Wednesday, February 18, 2015

Dow Theory Update for February 18: Industrials and Transports refuse to confirm SPY’s higher highs.

If you are interested in knowing how the Dow Theory fared in 2014 with  stocks and precious metals, you might be interested in this post.


The SPY, and Transports closed up. The Industrials closed down. On Thursday, January 29, the Industrials violated their secondary reaction lows. On Friday 30, the Transports did so. However, lack of confirmation (as the SPY refused to violate its secondary reaction lows) prevents us from declaring a primary bear market. Some market analysts have declared the existence of a primary bear market. Read my post “It is not a primary bear market” in order to understand why the proper interpretation of Schannep’s Dow Theory negates a primary bear market (at least for the time being).

The SPY has for three consecutive days (until yesterday) bettered its primary bull market closing highs. The Transports and the Industrials have not confirmed yet. So we cannot say that the primary bull market has been re-confirmed, and hence we cannot declare the secondary (bearish) reaction as a thing of the past. One of the tenets of the Dow Theory is that the longer non confirmation persists, the higher the odds for a trend reversal.

Stocks set up for a primary bear market signal on January 23rd, as explained here. However, a “set up” is not the “real” thing. So we have to wait. Such a set up will be "deleted", once the SPY's higher highs get confirmed.

The primary trend remains bullish, as explained here and here.

The secondary trend is bearish as explained here.

Gold and Silver

SLV closed down and GLD closed up. The primary trend is bullish as explained here.

The secondary trend turned bearish on February 6th, 2015 (secondary reaction against the primary trend) as explained here. The secondary reaction continues running its course. SLV rallied modestly (from February 6 to February 13). However, such rally was a meager ca. 3%, which in volatility-adjusted terms, is not enough to set up SLV and GLD for a primary bear market signal. Had SLV have rallied by a more ample amount (let’s say at least more than 5.4%, which is one recent volatility-adjusted reading, as you can see here), then the set up would have been completed.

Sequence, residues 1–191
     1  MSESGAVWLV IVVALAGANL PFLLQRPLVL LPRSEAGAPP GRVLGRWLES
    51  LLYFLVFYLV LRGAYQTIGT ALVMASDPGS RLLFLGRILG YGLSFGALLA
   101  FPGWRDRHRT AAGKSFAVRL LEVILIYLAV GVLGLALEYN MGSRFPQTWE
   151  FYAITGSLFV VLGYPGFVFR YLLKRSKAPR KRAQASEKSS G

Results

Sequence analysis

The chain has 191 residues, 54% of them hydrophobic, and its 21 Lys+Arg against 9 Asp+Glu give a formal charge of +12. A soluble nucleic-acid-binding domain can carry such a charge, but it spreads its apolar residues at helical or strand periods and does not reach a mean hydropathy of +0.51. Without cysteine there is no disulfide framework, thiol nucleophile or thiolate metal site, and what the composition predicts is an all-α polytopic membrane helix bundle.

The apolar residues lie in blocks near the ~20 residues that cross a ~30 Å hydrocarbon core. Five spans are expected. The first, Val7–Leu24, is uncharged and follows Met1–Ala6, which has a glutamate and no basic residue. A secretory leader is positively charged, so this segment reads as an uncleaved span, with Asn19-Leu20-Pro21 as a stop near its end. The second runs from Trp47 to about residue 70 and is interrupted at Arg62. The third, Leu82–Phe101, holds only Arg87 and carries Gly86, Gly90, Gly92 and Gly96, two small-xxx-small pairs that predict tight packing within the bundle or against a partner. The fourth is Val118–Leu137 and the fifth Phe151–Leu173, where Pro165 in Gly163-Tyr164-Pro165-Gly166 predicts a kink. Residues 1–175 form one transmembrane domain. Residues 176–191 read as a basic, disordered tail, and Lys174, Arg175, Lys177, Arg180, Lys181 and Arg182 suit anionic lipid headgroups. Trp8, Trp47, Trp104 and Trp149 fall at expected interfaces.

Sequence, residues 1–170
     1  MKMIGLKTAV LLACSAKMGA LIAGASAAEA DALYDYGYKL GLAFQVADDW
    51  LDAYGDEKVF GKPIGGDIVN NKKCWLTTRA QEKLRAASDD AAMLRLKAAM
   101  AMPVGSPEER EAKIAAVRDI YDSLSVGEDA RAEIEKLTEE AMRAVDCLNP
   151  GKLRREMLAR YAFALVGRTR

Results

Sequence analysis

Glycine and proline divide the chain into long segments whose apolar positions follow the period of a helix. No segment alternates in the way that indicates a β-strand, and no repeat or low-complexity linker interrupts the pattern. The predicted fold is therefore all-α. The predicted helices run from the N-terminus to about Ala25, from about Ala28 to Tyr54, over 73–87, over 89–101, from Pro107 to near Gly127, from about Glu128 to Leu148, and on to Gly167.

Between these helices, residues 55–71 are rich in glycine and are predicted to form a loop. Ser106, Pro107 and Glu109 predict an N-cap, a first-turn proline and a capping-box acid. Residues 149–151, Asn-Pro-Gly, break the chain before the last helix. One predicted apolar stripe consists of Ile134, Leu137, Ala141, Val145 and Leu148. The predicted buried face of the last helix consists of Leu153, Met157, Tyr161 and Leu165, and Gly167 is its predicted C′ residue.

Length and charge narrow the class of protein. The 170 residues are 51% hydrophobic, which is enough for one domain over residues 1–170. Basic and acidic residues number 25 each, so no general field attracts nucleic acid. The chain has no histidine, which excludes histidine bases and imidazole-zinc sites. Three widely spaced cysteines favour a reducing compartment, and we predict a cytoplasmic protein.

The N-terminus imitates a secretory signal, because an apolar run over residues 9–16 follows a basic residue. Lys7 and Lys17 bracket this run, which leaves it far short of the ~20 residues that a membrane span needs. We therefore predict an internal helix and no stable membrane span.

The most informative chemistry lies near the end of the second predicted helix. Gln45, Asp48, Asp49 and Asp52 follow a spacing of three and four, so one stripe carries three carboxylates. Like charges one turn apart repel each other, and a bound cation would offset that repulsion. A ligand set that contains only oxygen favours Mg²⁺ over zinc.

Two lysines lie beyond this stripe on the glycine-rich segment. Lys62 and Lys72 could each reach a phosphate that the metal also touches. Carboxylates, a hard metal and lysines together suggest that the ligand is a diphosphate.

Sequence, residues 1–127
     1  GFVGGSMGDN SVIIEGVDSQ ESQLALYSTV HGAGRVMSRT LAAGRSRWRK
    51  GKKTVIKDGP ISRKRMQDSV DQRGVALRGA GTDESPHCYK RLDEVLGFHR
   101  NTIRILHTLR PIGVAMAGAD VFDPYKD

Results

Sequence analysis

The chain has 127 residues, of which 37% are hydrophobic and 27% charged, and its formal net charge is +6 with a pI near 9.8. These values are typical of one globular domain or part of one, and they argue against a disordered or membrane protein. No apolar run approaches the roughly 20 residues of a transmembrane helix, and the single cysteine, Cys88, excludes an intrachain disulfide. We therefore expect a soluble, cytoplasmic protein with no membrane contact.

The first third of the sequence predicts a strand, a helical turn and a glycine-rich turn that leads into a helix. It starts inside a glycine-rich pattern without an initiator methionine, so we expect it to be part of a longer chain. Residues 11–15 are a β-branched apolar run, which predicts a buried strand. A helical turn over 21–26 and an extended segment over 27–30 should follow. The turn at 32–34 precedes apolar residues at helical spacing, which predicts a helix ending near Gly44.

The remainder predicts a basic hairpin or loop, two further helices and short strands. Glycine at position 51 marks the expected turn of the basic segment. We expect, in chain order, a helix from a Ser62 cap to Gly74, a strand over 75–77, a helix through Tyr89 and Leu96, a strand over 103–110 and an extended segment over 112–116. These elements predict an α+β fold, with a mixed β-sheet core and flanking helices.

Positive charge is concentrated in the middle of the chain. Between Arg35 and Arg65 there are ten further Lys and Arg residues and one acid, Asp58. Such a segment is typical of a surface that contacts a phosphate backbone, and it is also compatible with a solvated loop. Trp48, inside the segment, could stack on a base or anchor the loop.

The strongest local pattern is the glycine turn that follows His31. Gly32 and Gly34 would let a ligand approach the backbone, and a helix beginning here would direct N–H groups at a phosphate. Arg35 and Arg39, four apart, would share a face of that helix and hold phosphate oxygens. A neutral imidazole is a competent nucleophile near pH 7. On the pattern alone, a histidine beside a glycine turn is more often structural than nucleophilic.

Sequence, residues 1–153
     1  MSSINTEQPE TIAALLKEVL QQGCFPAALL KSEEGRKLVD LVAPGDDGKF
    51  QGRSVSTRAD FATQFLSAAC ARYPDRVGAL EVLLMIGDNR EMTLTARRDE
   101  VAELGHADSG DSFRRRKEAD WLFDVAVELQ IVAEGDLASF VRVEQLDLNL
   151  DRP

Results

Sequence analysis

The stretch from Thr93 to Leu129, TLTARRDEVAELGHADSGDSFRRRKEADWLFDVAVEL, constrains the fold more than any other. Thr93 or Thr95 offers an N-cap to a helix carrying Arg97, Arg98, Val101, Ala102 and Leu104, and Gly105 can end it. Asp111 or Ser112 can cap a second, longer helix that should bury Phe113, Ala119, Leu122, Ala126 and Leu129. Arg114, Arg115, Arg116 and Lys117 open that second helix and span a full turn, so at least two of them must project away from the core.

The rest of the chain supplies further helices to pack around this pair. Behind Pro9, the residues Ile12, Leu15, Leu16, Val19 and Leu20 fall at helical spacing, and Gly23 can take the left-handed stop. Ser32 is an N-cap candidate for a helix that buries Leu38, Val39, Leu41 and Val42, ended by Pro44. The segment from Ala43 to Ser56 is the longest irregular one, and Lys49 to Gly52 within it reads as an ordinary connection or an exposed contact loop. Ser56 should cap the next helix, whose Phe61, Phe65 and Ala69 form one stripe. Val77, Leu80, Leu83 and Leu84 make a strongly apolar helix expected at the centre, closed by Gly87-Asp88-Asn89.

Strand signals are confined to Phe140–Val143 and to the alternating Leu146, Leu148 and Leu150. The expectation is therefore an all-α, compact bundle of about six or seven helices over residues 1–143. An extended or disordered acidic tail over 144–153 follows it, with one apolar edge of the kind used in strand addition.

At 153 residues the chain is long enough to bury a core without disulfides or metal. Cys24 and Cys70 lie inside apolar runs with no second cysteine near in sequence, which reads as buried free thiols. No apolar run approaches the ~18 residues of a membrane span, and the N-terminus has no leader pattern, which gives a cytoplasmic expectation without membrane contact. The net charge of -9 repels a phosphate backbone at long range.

Thus, the subsequent violation of the February 6th closing lows did not flash a primary bear market signal. We still have to wait for a rally of sufficient volatility-adjusted magnitude for SLV and/or GLD (let’s say ca. more than 5.4% for SLV and 3.85% for GLD, as per recent volatility readings) so that the set up for a primary bear market signal is completed.

In the absence of such a rally, a primary bear market would be signaled if both SLV and GLD violated their November 5th, 2014 closing lows (primary bear market lows). Please mind that there are several ways of declaring a primary bear market under the Dow Theory. The most common and classical sequence "primary bull (bear) swing, correction, rally (pullback) and final breakout", is just one of the ways of declaring a change of primary trend. As I wrote here:

" [a] primary bear market can be signaled in four alternative ways:

a) The “classical”.

b) The -16% decline.

c) The lows of the last completed secondary reaction.

d) The primary bear market lows (when a new primary bull market has been born, and no secondary reaction has developed yet).

Cogitate these 4 primary bear market signals, and you’ll greatly increase your odds of being on the right side of the market. Please mind the words of Rhea: He doesn't talk certainties but probabilities. Take your time in studying the four signals, as it took me deep reading of Rhea and Schannep to be able to systematize, digest and understand the deep meaning of these 4 signals."

When it comes to precious metals, the -16% decline is not a valid primary bear market signal, as such a figure was obtained empirically for just US stocks by Dow Theorist Schannep, of "". However, the remaining three signals remain fully applicable to precious metals. 

Here you have an updated chart:

Secondary reaction (red rectangles on the right of the chart) against primary bull market

Gold and Silver miners ETFs (GDX and SIL)

As to the gold and silver miners ETFs, SIL and GDX closed up.

On January 12, 2015, a primary bull market was signaled. More information as to the details of such a signal here.

For the reasons explained here, I am doubtful as to whether we can declare a secondary (bearish) reaction for SIL and GDX yet. Subsequent market action seems to negate a secondary reaction. However, any decline below the 2/17/2015 closing lows would unambiguously prompt me to declare the existence of a secondary reaction. So let's be alert.

The Dow Theorist.

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